JUST A THOUGHT
by Joyce Leggett Brock
A few weeks ago, I posed a question to my friends on Facebook. I asked them, basically, this: When you die, if people could only remember one thing about you, what would you want it to be?
I really enjoyed the responses and I thought that most of them were appropriate to the people who provided them. People wanted to be remembered for being kind, for having a servant’s heart, for being steadfast in their faith and witness, for being authentic, for being funny, etc. These responses came from people whom I regard highly, and they live lives that closely coincide with their answers.
I think that most people would respond in a similar fashion. If you observe human behavior in general, though, you might expect different responses.
No one said that they wanted people to remember that they were pretty. No one wanted to be remembered by their wealth. No one wanted to be remembered for their popularity, for their power or for their style. No one said that they wanted people to remember that they were the smartest kid in school or that they never made mistakes in grammar. No one wanted people to remember their cars, their cell phones, their big screen televisions, or their surround sound systems. No one wanted to be remembered for their collection of music or BluRay discs. No one wanted to be remembered for their talent in any area – sports, arts, mechanics, etc. No one wanted others to remember that they shopped in only high end boutiques or that they rejected big box retailers. No one wanted to be remembered by their political party affiliation or by how many degrees they had earned.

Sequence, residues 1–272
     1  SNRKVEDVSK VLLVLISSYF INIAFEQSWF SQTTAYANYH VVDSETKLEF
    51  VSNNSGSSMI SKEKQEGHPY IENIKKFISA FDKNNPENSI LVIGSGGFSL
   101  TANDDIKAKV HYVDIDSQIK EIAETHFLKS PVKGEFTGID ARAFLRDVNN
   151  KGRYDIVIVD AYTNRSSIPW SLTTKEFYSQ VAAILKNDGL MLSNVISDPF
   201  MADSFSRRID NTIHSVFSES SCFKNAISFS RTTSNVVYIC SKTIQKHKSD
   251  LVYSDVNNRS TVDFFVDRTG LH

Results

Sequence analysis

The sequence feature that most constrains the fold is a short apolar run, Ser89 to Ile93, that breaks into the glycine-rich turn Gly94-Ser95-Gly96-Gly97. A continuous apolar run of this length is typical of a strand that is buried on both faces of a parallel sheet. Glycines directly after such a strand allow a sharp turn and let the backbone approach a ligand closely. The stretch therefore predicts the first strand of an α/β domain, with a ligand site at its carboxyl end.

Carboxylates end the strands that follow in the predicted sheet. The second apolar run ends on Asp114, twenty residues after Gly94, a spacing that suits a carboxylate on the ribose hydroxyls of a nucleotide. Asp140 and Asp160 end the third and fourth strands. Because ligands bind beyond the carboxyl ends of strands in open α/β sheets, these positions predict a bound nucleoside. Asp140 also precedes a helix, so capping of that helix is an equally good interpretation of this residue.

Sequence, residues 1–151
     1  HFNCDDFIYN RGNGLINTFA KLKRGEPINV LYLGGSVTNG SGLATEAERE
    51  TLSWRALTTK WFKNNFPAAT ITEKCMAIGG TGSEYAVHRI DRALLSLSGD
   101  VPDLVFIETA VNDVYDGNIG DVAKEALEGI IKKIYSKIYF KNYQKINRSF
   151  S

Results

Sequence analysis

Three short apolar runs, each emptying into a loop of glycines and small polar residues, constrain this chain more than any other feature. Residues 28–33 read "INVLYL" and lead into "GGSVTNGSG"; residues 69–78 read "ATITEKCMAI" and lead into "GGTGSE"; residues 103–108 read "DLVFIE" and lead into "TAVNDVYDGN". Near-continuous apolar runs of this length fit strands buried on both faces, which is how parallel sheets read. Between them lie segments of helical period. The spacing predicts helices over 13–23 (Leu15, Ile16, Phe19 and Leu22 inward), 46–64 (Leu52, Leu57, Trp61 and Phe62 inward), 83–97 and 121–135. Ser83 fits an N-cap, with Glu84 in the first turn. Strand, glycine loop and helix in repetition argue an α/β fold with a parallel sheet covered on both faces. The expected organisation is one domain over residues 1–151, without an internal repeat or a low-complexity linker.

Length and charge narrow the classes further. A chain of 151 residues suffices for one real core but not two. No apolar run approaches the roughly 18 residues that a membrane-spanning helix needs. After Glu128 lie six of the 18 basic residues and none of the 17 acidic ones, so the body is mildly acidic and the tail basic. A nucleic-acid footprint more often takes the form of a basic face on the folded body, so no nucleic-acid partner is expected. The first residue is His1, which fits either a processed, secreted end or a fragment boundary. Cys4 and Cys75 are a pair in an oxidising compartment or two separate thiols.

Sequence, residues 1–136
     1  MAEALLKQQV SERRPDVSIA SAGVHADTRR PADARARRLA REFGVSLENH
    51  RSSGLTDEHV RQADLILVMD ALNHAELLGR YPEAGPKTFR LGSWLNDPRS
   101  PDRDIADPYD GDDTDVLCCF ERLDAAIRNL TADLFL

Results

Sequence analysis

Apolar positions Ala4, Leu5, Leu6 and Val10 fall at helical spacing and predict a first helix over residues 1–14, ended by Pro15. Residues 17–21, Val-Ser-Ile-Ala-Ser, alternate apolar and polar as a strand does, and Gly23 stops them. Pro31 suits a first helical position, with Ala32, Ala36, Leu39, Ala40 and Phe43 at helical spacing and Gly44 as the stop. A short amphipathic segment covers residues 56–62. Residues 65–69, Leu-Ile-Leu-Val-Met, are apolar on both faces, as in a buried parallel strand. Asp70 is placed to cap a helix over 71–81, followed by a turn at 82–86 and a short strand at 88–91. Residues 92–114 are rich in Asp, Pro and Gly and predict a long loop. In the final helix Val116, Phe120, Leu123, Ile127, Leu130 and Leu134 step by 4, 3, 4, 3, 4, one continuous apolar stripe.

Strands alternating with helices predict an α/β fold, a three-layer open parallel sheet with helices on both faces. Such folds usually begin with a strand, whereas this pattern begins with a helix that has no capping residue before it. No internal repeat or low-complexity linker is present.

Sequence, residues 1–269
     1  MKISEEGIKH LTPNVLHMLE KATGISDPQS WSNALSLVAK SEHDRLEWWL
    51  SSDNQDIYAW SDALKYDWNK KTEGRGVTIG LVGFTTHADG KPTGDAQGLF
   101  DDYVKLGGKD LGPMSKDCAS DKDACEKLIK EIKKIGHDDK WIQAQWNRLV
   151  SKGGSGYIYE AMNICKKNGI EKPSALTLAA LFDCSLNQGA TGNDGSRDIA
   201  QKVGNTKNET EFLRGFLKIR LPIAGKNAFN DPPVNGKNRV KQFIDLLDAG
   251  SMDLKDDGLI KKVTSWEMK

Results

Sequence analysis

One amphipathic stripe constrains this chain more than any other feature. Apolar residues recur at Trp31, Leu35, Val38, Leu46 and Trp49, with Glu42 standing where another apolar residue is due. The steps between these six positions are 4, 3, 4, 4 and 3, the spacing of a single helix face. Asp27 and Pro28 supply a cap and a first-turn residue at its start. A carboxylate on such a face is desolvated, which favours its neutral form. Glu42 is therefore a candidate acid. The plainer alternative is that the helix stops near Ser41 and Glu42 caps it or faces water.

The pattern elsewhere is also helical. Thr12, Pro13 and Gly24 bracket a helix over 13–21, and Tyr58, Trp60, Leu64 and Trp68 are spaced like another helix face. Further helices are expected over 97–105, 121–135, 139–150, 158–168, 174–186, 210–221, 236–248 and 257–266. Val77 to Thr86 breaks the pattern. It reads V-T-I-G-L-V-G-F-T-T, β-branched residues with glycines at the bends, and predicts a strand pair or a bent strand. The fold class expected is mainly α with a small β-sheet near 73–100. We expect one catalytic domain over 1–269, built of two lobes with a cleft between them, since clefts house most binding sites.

Why is it, then, that these are the things people seem to exaggerate in everyday life? We’ve all witnessed the behavior that I’m referring to – people boasting proudly about what they have, what they’ve done, etc. We’ve all seen people show off their cellphones or brag about how advanced they were. We’ve heard people make big statements about their own intelligence. We’ve seen people spend countless hours and dollars on the appearance of their vehicles. We’ve listened to high-toned comparisons of the colleges people have attended. We’ve seen how much emphasis people place on their clothing.
I really think that most people place emphasis on these things because they’re attempting to influence people to like them. When thinking about the present, we think people need to be impressed by us in order to like us. The truth is, too, that many of the things we think are impressive are downright silly.
Somehow, though, when we think about how people will remember us, as opposed to how they see us presently, we get it right. We realize that they will remember us fondly because we were kind, giving, charming, funny, caring, and dedicated to our religious beliefs. Why then, the disconnect in how we try to persuade people to like us while we’re living?
By the time we’ve reached adulthood, most of us have attended more funerals than we would prefer. We’ve probably been to both kinds of funerals, too. (Don’t misunderstand me, no funeral is a good thing – it’s a time when a family is grieving and mourning the loss of someone they loved.) Still, funerals tend to fall into one of two major groups – the ones where everyone has something to say and the ones where few have anything to say.